Do More with Less New communications and PR tools offer marketers less costly (and equally effective) alternatives for building brand and product awareness
Opinions expressed by Entrepreneur contributors are their own.
Tough economic times are forcing many companies to cut back marketing and advertising budgets. According to figures released by the Publisher's Information Bureau in January, consumer magazine advertising pages dropped nearly 12 percent in 2008. While cost cutting may be necessary to remain solvent, forcing your marketing department to go on a crash diet can cause companies to lose the momentum and brand awareness they've built up through long-term campaigns.
Just because times are lean doesn't mean you have to sacrifice your hard-earned market share. Use this economic downturn as a chance to supplement your marketing and advertising activities with targeted public relations campaigns that capitalize on the brand awareness you've already cultivated.
So how do you do more with less?
If your company still hasn't made the leap into social media, now's a great time to establish a foundation for such activities. Research the top industry blogs, and if blogs aren't already included in your media outreach plans, integrate them. Get involved in the conversation. If you don't have the time to start your own blog, become an active commenter, or get involved in microblogging via Twitter.
Check out how your competitors are utilizing Web 2.0 tools and familiarize yourself with the social media applications frequently leveraged by marketers--Facebook, Twitter, Del.i.cious, YouTube, Digg, etc. These applications are rapidly becoming an essential platform for marketing and brand building as more and more consumers increase the scope of their activity on the web.
Make Your Press Release Interactive
Press releases have been traditionally used by marketers to announce larger campaigns, like product launches and sales events. Issued as a text announcement, a release would set the stage for more expansive and engaging communications efforts that would be used to ultimately entice the company's target audiences.
However, advances in technology have made the press release a much more dynamic, interactive multimedia communications tool. Today's press release is actually a multimedia news release, combining text with video, photos, social media elements and much more. Further, changes in the way people access and share information have prompted many companies to reassess how a marketing campaign can be executed and the tools necessary to make an impact in today's dynamic communications environment. As a result, more communicators are turning to the multimedia news release because it's the most comprehensive.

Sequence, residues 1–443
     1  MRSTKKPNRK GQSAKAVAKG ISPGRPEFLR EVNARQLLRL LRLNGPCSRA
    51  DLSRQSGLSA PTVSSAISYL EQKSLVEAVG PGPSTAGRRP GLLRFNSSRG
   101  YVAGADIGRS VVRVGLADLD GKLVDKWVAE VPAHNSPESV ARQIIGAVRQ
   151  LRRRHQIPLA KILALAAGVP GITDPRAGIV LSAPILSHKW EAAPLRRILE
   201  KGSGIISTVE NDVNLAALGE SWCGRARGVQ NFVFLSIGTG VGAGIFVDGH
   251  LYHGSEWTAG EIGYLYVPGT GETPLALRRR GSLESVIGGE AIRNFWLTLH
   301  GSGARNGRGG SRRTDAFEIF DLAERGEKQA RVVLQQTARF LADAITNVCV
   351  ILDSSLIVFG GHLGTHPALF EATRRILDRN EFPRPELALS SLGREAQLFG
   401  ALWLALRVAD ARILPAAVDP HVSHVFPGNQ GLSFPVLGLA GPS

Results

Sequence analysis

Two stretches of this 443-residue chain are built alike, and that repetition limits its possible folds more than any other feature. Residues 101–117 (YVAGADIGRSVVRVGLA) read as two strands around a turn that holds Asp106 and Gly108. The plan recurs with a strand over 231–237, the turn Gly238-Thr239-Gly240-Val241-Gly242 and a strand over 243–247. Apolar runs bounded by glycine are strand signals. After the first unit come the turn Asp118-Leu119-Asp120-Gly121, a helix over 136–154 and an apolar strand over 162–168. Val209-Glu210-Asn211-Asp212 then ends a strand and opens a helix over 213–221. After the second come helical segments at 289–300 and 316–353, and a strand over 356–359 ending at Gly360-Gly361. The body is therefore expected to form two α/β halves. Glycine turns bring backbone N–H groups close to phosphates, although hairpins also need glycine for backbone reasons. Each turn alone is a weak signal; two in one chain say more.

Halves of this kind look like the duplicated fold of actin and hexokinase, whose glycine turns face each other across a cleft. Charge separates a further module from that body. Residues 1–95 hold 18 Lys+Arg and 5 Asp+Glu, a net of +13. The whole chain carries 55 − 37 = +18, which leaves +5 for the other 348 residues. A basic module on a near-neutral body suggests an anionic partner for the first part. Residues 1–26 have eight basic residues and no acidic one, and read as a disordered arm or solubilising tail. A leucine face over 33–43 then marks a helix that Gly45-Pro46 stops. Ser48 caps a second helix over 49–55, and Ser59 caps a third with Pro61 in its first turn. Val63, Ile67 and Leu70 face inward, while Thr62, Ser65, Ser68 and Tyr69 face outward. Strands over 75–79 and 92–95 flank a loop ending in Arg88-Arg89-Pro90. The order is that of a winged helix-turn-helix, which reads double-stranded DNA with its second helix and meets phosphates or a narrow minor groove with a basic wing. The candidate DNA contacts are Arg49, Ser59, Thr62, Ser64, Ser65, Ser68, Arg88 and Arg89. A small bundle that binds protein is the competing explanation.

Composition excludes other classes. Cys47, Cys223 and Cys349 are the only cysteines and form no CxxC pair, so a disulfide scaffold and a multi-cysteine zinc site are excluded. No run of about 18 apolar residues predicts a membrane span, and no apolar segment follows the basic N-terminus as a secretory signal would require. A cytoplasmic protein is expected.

With more people relying on web-based and social media-driven platforms as their first point of access to the world, the ability to package corporate messages, multimedia content and social media links in a single communications format is key. Moreover, this tactic not only presents strategic advantages for reaching one's target audiences, but also economic benefits through the consolidation of marketing and PR efforts.
Stand Out in the Industry
The concept of thought leadership involves positioning people at your company as expert sources available for commentary on issues related to your industry. If done properly, thought leadership offers a valuable opportunity to position your company as an important player in your field and generate marketable attention for your products and services.
Many publications and industry-specific websites accept articles from experts in the field. These bylined articles can be a great way to position your spokespeople and generate further awareness of your brand. Letters to the editor, which are accepted by many print and online publications, can be another great way to highlight your spokespeople and establish your company as a leading authority on an issue or topic pertinent to the industry.
In addition to promoting your company's expertise, case studies offer an excellent vehicle for highlighting your products or services. They're not only useful in hooking the interest of reporters; they can also be valuable collateral for your marketing team or website. Reach out to clients who have the most compelling stories to see if they'd like to share their stories. Often, they're happy to discuss the success that a product or service brought to their business.
Conferences, trade shows and webinars also offer a number of opportunities for industry experts to lead roundtable discussions, participate on a panel or even give the keynote address. Speakers generally get a free pass to the event and an invaluable opportunity to advance both their businesses and personal brand. Deadlines for speaker proposals can range from weeks to more than a year prior to an event, so be sure to plan in advance.
Traditional PR has been an important complement to marketing and advertising programs. The press that results from a successful media campaign can be invaluable in creating sustained corporate and brand recognition. Remember, in these difficult times, there's no actual cost attached to getting an article published other than the time and effort required to develop a story and pitch a reporter.
Don't give up on your communications and marketing goals just because you have fewer resources. In this environment, the companies that make the most out of their resources and bring the most creativity into their communications programs will draw the highest return.